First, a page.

Hurricane Hillary moved toward Baja California, Mexico on Saturday, with the National Hurricane Center predicting “catastrophic and life-threatening flooding” for the peninsula and the southwestern United States, and is expected to make landfall in the region as a tropical storm on Sunday.
Officials as far north as Los Angeles were scrambling to get the homeless off the streets, build shelters and prepare for evacuations.
Hillary was expected to sweep across the Mexican peninsula on Saturday night before storming north, going down in history as the first tropical storm to hit Southern California in 84 years.
The National Hurricane Center has issued a tropical storm watch for a large swath of Southern California, from the Pacific coast to inland mountains and deserts. Officials discuss evacuation plans for Catalina Island, California.
“I don’t think any of us — I know me in particular — ever thought I’d be standing here talking about a hurricane or a tropical storm,” said Los Angeles County Board of Supervisors President Janice Hahn.
After rapidly gaining strength early Friday, Hillary slowed later in the day, but remained a Category 4 hurricane early Saturday with maximum sustained winds of 130 mph (215 km/h), low at 145 mph (230 km/h).
The center of the storm was about 240 miles (390 kilometers) west-southwest of the southern tip of the Baja Peninsula early Saturday. It was moving north-northwest at 13 mph (20 kph) and was expected to turn further north and gain speed.
The latest forecast track shows Clinton making landfall on the sparsely populated Baja Peninsula about 200 miles (330 kilometers) south of the Pacific port city of Ensenada.
The hurricane was then expected to continue northward, with fears the heavy rain could trigger dangerous flooding in the border city of Tijuana, a city of 1.9 million where many homes cling precariously to steep hillsides.
Montserrat Mayor Ramirez said the city was setting up four shelters in high-risk areas and issued a warning to people in high-risk areas.
“Because of our landscape, we are a fragile city on one of the most visited borders in the world,” she said.
U.S. concerns are also growing.
The National Park Service closed Joshua Tree National Park and Mojave National Monument to prevent people from becoming trapped in floodwaters. Various cities in the area, including Arizona, are providing sandbags to protect properties from flooding. Major League Baseball has rescheduled three Sunday games in Southern California, moving them to Saturday as part of the doubles,
Representatives from the Los Angeles Sheriff’s Department hit the road urging homeless people living in River Plate to seek shelter. Authorities in the city are arranging food, cots and shelter for those in need.
SpaceX delayed the launch of a rocket carrying satellites from its base on California’s central coast until at least Monday. Conditions in the Pacific Ocean could make it difficult for ships to recover the rocket boosters, the company said.
President Joe Biden said FEMA has pre-positioned personnel and supplies in the area.
“I urge everyone, everyone in this storm, to take precautions and heed the guidance of state and local officials,” Biden told reporters Friday at a meeting with the leaders of Japan and South Korea at Camp David.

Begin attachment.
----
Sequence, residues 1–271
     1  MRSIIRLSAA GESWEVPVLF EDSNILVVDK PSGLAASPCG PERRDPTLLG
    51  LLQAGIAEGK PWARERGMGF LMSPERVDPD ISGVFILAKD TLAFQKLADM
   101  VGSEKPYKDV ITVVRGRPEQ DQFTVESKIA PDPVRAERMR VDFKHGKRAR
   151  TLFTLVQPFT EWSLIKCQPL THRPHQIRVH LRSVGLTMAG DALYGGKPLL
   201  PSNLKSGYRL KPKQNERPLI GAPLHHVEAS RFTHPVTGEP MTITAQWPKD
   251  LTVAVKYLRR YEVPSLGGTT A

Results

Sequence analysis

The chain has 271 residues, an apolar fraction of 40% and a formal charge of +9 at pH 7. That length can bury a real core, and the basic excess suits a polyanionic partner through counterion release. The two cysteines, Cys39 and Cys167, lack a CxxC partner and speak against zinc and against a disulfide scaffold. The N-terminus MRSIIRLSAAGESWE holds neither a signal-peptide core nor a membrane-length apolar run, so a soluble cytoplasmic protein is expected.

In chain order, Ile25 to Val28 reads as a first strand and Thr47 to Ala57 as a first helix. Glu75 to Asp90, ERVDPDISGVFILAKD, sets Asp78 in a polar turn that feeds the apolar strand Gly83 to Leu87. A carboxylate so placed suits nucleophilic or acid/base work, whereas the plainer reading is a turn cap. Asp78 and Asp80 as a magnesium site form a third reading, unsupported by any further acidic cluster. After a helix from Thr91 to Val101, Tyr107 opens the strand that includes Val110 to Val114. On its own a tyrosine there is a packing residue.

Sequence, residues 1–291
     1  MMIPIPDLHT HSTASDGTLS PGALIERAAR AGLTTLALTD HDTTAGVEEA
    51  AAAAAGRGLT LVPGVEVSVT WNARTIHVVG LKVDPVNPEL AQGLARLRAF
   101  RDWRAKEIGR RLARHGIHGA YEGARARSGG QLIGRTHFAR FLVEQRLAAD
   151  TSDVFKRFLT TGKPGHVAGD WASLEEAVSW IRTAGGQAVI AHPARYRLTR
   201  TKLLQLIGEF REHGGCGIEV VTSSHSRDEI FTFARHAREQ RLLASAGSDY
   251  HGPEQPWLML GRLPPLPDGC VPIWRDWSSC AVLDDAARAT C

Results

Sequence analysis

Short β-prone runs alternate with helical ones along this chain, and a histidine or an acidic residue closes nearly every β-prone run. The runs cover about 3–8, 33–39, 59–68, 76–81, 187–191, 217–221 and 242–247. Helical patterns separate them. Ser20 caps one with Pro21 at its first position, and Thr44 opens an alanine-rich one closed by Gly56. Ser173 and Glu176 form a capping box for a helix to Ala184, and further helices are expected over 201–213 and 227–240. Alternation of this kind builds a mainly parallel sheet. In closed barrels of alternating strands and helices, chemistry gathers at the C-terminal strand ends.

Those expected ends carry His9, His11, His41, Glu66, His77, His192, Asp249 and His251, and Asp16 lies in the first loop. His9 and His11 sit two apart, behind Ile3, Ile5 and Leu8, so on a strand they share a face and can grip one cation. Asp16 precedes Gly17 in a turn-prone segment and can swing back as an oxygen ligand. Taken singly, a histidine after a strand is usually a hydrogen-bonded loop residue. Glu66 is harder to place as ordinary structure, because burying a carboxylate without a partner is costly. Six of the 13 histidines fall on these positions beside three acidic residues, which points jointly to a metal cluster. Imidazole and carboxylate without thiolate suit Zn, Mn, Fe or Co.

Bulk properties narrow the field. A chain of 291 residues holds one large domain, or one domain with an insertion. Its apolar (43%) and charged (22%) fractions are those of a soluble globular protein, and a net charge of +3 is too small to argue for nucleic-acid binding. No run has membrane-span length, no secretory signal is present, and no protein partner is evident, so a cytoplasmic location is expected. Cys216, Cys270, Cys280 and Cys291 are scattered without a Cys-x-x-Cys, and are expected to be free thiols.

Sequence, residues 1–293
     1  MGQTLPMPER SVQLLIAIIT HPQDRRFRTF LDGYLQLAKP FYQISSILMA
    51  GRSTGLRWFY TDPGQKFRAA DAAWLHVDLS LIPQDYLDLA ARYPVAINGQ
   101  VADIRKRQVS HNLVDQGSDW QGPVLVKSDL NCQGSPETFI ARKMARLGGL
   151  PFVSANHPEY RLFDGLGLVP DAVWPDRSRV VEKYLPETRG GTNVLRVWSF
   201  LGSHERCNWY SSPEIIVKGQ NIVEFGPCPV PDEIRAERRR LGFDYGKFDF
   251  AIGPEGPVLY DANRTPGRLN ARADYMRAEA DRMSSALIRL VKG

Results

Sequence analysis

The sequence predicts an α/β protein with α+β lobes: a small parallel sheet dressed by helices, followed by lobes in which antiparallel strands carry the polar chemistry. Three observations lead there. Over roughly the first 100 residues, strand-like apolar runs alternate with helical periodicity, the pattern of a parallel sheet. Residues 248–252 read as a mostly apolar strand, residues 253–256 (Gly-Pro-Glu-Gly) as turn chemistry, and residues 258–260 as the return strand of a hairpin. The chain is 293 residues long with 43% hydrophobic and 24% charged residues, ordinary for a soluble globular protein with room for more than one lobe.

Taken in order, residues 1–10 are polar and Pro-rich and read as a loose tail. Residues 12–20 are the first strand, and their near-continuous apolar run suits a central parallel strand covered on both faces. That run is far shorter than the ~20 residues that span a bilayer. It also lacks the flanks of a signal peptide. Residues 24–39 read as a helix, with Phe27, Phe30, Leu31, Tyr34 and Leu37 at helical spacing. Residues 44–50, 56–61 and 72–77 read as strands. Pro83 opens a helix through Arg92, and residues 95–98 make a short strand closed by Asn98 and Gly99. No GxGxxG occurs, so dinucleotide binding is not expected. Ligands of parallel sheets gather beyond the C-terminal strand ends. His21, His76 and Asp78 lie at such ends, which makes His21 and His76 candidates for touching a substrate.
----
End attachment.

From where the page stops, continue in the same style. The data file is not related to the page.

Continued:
Officials in Southern California are reinforcing sand banks built to protect low-lying coastal communities from winter surf, such as Huntington Beach, the self-proclaimed “Surf City of America.”
In nearby Newport Beach, Tanner Atkinson waited in line at a city distribution point to receive free sandbags.
“I mean, a lot of people here are excited because the waves are going to get pretty big,” Atkinson said. “But I mean, there’s going to be some rain, so there’s usually some flooding and landslides and things like that.”
Some schools in Cabo San Lucas are preparing to serve as temporary shelters, and in La Paz, the capital of the picturesque Baja California Sur state on the Sea of Cortez, police patrol a closed beach to protect swimmers from rough waves attack. Schools in five cities were closed.
The National Weather Service’s San Diego office said it was increasingly likely that Hillary would reach California on Sunday while still at tropical storm strength, though widespread rain was expected as early as Saturday.
Hurricane officials said the storm could bring heavy rainfall to the southwestern U.S., with 3 to 6 inches (8 to 15 centimeters) in some areas and up to 10 inches (25 centimeters) in some areas, southern California and parts of southern Nevada.
Kristen Corbosiero, an atmospheric scientist at the University at Albany who specializes in Pacific hurricanes, said that “two to three inches of rainfall in Southern California is unheard of” this time of year. “You’ll have all of summer and fall rainfall in about six to 12 hours.”
Jeff Masters, a meteorologist at the Yale Climate Connection and a former government flying hurricane meteorologist, said the region could face 100-year rainfall and that Nevada has a good chance of breaking its all-time rainfall record. .
Watson reported from San Diego. Associated Press reporters Seth Borenstein (Washington), Maria Verza and Mark Stevenson (Mexico City), John Anchuk (Los Angeles) and Eugene Garcia ( Newport Beach, Calif.) contributed to this report.